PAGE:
This is a managed property. It is a 4-element vector that can be used to pass parameters to the shader-side carrier-signal-generating function chosen by signalFunction. If signalFunction is left at its default value of 0, the signalParameters are ignored. For the one built-in shader signal function (signalFunction=1 corresponding to the shader function SinewaveSignal), these parameters are interpreted as amplitude, frequency, orientation and phase of the sinusoidal pattern. Signal functions are additive to your background and/or texture, so if you have no texture and a background color of, for example, 0.3 or 0.7, a sinewave amplitude greater than 0.3 will go out of range at full contrast. (Beware also the additive effect of noise, if your noiseAmplitude is not 0.)

If you’re adding your own custom shader function via AddCustomSignalFunction(), your implementation of that function may choose to ignore or reinterpret this property as you wish. If you choose to use it, your shader code can access it as the uniform vec4 variable uSignalParameters.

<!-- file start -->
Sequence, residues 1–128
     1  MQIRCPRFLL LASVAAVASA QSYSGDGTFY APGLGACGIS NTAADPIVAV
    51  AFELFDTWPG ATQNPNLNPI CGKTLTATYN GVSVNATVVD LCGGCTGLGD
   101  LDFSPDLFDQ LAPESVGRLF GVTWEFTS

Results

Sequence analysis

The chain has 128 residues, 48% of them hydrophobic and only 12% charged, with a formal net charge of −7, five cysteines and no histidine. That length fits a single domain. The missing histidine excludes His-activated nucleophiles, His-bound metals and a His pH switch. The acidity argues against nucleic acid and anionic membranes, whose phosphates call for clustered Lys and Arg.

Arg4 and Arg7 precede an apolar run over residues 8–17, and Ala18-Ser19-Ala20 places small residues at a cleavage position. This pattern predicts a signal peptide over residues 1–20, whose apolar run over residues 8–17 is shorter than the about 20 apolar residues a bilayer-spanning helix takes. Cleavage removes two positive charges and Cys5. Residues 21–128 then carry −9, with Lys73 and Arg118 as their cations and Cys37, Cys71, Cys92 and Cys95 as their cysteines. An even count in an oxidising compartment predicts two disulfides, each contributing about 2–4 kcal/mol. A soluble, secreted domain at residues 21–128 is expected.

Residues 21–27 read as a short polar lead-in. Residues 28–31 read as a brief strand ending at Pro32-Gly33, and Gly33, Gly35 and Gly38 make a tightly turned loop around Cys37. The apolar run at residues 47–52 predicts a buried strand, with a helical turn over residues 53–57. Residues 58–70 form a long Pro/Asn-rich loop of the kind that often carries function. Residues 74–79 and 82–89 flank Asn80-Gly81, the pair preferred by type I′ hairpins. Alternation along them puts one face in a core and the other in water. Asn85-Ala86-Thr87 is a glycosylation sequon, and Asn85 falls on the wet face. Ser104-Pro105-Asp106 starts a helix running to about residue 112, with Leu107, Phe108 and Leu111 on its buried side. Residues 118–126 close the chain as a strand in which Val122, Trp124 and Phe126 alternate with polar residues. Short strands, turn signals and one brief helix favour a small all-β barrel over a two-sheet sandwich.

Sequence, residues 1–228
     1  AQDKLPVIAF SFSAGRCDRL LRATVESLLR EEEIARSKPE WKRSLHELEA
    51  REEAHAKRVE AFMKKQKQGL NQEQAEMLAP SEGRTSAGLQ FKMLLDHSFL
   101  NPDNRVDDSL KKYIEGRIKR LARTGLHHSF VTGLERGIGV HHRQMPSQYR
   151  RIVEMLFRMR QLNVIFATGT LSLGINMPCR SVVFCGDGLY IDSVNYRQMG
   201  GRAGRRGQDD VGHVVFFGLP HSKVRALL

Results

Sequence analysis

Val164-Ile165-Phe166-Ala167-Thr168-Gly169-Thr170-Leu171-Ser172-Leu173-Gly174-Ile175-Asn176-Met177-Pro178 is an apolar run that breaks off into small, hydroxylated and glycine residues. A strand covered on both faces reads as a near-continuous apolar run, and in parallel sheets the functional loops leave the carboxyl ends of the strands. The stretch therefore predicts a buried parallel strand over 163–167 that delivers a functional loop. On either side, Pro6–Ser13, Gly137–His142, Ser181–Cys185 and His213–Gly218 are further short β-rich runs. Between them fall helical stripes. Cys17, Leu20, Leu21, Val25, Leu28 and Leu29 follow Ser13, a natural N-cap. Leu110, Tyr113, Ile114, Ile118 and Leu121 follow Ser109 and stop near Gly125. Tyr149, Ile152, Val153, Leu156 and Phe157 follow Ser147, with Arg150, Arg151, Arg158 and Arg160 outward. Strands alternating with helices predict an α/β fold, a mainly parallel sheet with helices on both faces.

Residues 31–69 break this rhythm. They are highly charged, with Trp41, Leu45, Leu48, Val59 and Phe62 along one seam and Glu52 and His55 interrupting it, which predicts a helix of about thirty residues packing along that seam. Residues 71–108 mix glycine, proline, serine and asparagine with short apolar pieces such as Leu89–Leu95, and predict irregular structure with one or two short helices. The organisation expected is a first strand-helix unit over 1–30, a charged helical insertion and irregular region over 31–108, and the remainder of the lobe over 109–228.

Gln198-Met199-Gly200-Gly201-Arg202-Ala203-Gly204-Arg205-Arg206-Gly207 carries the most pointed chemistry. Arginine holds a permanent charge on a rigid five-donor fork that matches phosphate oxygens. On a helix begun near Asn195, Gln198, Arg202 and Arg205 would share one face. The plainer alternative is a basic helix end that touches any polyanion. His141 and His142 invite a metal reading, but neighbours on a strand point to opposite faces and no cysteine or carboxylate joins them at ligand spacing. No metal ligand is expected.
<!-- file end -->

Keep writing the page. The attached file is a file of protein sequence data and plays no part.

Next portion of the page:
signalPhase

This is a managed shortcut. It is a shortcut for signalParameters[3] (phase in degrees)

sigo

sigo is an alias for signalOrientation

sigp

sigp is an alias for signalPhase

size

size is an alias for envelopeSize

smoothing

This is a managed property. It is an integer value that determines whether lines, dots and polygons should be drawn with or without smoothing. The results are unfortunately unpredictable as they vary according to your graphics card and drivers. Example: with DRAWMODE.POINTS, setting smoothing=1 causes the dots to be round rather than square—but with some graphics drivers, they will remain square regardless (to guarantee round dots, it’s better to draw tiny many-sided polygons). A value of 0 means no smoothing. A value of 1 means points and lines should be smoothed. A value of 2 means lines, points and polygons are smoothed (note that polygon smoothing causes diagonal “crack” artifacts on many graphics cards/drivers, so this option is not enabled by default).

• Default value: 1
text

To use the text property of the Stimulus class, you must first explicitly import Shady.Text (see Shady.Text for documentation on this property).

textureChannels